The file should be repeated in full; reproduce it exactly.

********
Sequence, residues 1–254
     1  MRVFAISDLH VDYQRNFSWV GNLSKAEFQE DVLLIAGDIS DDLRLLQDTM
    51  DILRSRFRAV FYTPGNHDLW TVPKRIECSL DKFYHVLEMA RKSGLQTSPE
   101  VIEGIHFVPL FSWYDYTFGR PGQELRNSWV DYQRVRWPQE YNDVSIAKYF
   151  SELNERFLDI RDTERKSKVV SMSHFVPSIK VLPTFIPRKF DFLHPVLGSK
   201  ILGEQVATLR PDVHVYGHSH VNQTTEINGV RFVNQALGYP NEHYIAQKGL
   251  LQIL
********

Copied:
Sequence, residues 1–254
     1  MRVFAISDLH VDYQRNFSWV GNLSKAEFQE DVLLIAGDIS DDLRLLQDTM
    51  DILRSRFRAV FYTPGNHDLW TVPKRIECSL DKFYHVLEMA RKSGLQTSPE
   101  VIEGIHFVPL FSWYDYTFGR PGQELRNSWV DYQRVRWPQE YNDVSIAKYF
   151  SELNERFLDI RDTERKSKVV SMSHFVPSIK VLPTFIPRKF DFLHPVLGSK
   201  ILGEQVATLR PDVHVYGHSH VNQTTEINGV RFVNQALGYP NEHYIAQKGL
   251  LQIL